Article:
Factors Affecting Drivers to Participate in a Carpooling to Public Transport Service
2. Literature Review
3.1. Data Collection
- The first section included questions on general and sociodemographic characteristics, such as home country, gender, age, income, educational level and professional status.
- The second section provided the definition of carpooling and three more questions relative to carpooling, such as the participant’s area of residence (i.e., urban, semi-urban or rural), ownership of a smartphone and previous experience with carpooling services. Respondents without previous carpooling experience were forwarded directly to the following section, whereas respondents with previous carpooling experience were first directed to answer four additional questions to rate their last carpooling experience, their trip purpose, with whom they travelled and the modes they selected to use together with carpooling in their last journey (if any).
- The third section concerned the participant’s travel habits by focusing on a usual journey of theirs.
- The fourth section was available only to passengers concerned the utilization of carpooling and public transport (e.g., rail, tram or metro). In this section, the respondents were introduced to the hypothetical scenario. The scenario stated: “For this journey you are carpooling as a passenger and you are using a mobile app to plan your journey. Through the app you are able to find a driver and arrange a carpooling to take you to/from the rail/metro/tram station to complete the first/last-mile of your journey.” A set of questions followed for passengers.
- The fifth section was available only to drivers (i.e., driving license holders and car owners), and it concerned the reasons why potential drivers would accept to use their personal vehicle the presented scenario. The section started with the statement: “Now as a driver let’s imagine you can use your car to provide carpooling services to other travelers. If the mobile application could suggest you carpooling passengers; you would accept a journey if…”. Nine questions followed (Table 1) that represented nine potential factors for drivers. These questions represent factors that were identified in the literature as significant for passengers and drivers, including the number of passengers to travel with, travel companion, incentives (i.e., parking offer), travel factors (i.e., maximum number of pickup points, delay, time and cost of trip) and ride security.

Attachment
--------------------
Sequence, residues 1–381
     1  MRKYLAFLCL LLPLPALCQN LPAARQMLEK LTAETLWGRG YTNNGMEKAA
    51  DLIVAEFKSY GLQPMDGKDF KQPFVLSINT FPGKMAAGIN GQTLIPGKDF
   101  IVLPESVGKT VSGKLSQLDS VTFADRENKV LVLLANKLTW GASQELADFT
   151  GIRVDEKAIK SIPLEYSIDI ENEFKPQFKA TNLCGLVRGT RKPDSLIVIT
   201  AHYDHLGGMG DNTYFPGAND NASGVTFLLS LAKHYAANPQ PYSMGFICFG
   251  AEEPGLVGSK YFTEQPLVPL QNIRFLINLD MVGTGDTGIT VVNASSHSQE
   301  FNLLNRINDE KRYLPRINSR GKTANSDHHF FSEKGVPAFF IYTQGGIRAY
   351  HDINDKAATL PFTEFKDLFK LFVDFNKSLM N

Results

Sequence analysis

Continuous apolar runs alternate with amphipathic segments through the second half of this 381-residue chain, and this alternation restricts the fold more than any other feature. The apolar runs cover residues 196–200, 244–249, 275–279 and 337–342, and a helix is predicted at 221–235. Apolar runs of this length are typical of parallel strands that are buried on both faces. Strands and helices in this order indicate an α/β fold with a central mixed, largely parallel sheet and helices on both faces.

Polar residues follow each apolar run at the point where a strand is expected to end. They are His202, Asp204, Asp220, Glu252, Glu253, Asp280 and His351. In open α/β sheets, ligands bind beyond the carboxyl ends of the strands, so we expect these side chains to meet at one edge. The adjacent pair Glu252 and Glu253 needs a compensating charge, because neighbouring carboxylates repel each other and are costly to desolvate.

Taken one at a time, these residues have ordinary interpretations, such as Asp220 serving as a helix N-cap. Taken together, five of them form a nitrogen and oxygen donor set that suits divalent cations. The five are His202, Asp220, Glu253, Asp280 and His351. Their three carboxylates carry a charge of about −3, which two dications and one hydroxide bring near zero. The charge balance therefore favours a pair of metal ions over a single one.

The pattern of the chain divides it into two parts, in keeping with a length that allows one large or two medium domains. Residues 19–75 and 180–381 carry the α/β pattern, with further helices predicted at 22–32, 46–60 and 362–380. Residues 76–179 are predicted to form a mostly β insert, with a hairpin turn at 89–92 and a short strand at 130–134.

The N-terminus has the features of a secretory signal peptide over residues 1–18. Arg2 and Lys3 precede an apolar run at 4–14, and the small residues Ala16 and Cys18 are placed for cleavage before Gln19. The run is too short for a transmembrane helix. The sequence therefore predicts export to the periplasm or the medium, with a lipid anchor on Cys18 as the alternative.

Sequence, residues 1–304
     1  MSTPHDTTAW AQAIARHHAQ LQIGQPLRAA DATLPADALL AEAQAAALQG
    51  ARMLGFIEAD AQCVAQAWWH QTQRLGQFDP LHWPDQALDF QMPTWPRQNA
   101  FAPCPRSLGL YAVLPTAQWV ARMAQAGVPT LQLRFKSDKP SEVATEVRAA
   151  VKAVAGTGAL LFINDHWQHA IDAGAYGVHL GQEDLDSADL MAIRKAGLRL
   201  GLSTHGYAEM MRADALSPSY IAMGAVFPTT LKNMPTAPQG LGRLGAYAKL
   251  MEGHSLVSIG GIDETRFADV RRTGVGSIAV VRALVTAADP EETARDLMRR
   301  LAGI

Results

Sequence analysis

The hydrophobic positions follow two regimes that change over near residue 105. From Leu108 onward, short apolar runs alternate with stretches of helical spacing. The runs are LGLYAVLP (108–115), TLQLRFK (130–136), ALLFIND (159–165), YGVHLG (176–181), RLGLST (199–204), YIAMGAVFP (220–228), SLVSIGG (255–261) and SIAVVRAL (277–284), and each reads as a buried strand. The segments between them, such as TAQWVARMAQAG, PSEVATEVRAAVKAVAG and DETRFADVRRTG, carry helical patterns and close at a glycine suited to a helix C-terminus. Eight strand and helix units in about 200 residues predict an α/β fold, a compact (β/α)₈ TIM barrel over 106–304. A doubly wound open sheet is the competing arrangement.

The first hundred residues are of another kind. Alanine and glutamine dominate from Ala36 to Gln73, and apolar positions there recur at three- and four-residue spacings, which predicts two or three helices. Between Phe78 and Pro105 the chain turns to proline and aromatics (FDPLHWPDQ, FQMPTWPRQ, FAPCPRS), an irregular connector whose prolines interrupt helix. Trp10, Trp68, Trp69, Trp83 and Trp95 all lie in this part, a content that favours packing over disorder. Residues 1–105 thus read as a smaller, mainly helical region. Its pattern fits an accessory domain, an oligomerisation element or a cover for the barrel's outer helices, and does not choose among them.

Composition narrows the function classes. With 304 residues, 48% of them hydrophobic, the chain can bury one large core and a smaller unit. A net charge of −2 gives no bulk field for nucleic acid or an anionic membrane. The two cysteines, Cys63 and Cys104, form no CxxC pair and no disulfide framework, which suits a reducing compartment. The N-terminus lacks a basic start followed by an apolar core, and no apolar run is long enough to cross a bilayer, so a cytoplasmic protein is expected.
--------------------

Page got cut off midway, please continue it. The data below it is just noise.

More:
- The conversational survey targeted EU-based travelers. The survey link was sent to the participants using multiple dissemination channels, including social media (i.e., LinkedIn, Facebook, Twitter), emails and professional newsletters. Participants included transport research institutions, ministries, educational institutes and companies.
3.2. Statistics and Modelling
4.1. Carpooling Drivers
- The maximum number of passengers to offer the journey to did not seem to be equally shared among the three options (one, two and three passengers).
- Drivers preferred to travel with friends (30%), family (29%) and coworkers (28%) compared to strangers (13%). Trust was revealed as an important issue through this question.
- Drivers were reluctant to offer carpooling services during the night and almost equally eager services during the rest of the day.
- The two factors related to parking (“Parking offer” and “Lack of parking”) were both rated with five stars by the majority of drivers, showing that the provision of a parking place is important for the drivers. Discounted parking seems to be a good incentive to convince drivers to join a carpooling application.
- The majority of the drivers preferred to check the passenger’s profile using the carpooling application (45%) and Facebook (40%).
- The majority of the drivers preferred to reduce the cost of their journey by EUR 2–3 (41%), while they were ready to accept an overall delay to their journey of 3–5 min (42%). It seems that the cost reduction should be at least EUR 2 to engage more drivers.
- One pick-up/drop-off point was clearly preferred by 64% of drivers, as it was rated five and four stars.